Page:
It is one of the most abundant elements on Earth. Pound for pound, it packs more energy punch than most other fuels: it has four times more energy than coal, three times more energy than fuel oil, and two and a half times as much as natural gas. When used as a fuel, it produces only clean water vapor and no "greenhouse gases." Some experts call it a perfectly pristine fuel.
What is it?
Well, if you somehow missed the headline of this story, it is hydrogen, a nearly ubiquitous substance that is generating a great deal of interest from the alternative fuel community. And while some may debate the need for alternative fuels, there is little doubt that heat is growing under the hydrogen movement. In fact, some crystal ball seers are predicting a "Hydrogen Economy" powered by an abundant, cheap source of energy that doesn't require drilling and won't despoil the coastlines. They point out that hydrogen is used in many industrial processes to make products we use every day: cooking oils, peanut butter, soap, insulation, metals, drugs, vitamins, adhesives, cosmetics, ammonia, fuels and Benjamin Braddock's favorite, plastics.
One company high on hydrogen's possibilities is Startech Environmental Corp., which is not a transportation company but a high tech waste-recycling firm. Startech is so convinced of hydrogen's promise as a motor vehicle fuel, it uses a hydrogen-powered vehicle at its Bristol, Connecticut, demonstration and training center. Interestingly, aside from the Shell Hydrogen and Sunline Transit Agency logos, the casual observer would see nothing very different about the hydrogen-fueled Ford pickup truck. And that is intentional. Startech believes that keeping the vehicle operation as familiar as possible will help encourage the use of hydrogen.
The demonstration vehicle is equipped with a four-cylinder engine and a standard transmission. Like a typical automobile, the engine both propels the car and generates enough electricity to power ancillary systems like lights, heater, and ventilation. Of course, instead of running on gasoline the truck uses hydrogen as its only fuel, a so-called direct-use hydrogen vehicle. Startech officials are quick to point out that the vehicle does not use fuel cells, nor does it use a hybrid system similar to those used by the Toyota Prius or Honda Insight. According to Startech, the vehicle gets good mileage and is easy to re-fuel.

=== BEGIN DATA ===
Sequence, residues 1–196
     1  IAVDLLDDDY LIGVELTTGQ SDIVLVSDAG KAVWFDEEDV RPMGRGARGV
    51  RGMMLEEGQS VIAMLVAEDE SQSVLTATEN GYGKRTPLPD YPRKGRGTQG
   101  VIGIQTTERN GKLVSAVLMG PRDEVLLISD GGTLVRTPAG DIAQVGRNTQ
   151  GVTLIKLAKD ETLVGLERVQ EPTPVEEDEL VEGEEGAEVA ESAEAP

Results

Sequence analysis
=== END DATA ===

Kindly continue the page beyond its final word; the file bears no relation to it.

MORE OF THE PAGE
Perhaps more interesting than the vehicle itself is where its fuel comes from: trash. Startech is a leader in what it calls plasma waste remediation and recycling technology. The Plasma Converter system is a process whereby waste materials continuously fed into the system are safely and economically destroyed, reformed, and recovered by the Startech's molecular dissociation and closed-loop elemental recycling process.
Though we don't suggest that you try it at home, the conversion is said to work this way: the converter ionizes air so that it becomes an extremely effective electrical conductor. This allows the converter to produce a lightning-like arc of electricity that is the source of an intense amount of energy transferred to the waste by radiation. The interior temperature of the lightning arc in the plasma plume within the vessel can be as high as 30,000 degrees Fahrenheit -- three times hotter than the surface of the sun. When waste materials are subjected to the intensity of that energy within the vessel, the excitation of the molecular bonds is so great that the waste materials' molecules break apart into their elemental components (the actual atoms). It is the absorption of this energy by the waste materials that forces elemental dissociation resulting in the complete and total destruction of the waste.
While hazardous waste destruction is Startech's main business, the ability to recover potentially valuable commodity products is becoming more important to its customers every day. One of the principal products recovered is Plasma Converted Gas (PCG), from which commercial-grade hydrogen can be separated.
So instead of drilling for oil, will we soon be nuking our garbage into hydrogen motor fuel? Certainly it could happen, but obstacles still exist in the road to hydrogen-powered vehicles, as we will discuss next week in the second of our two-part series.
Tom Ripley writes about alternative fuels and the human condition from his home in Villeperce, France.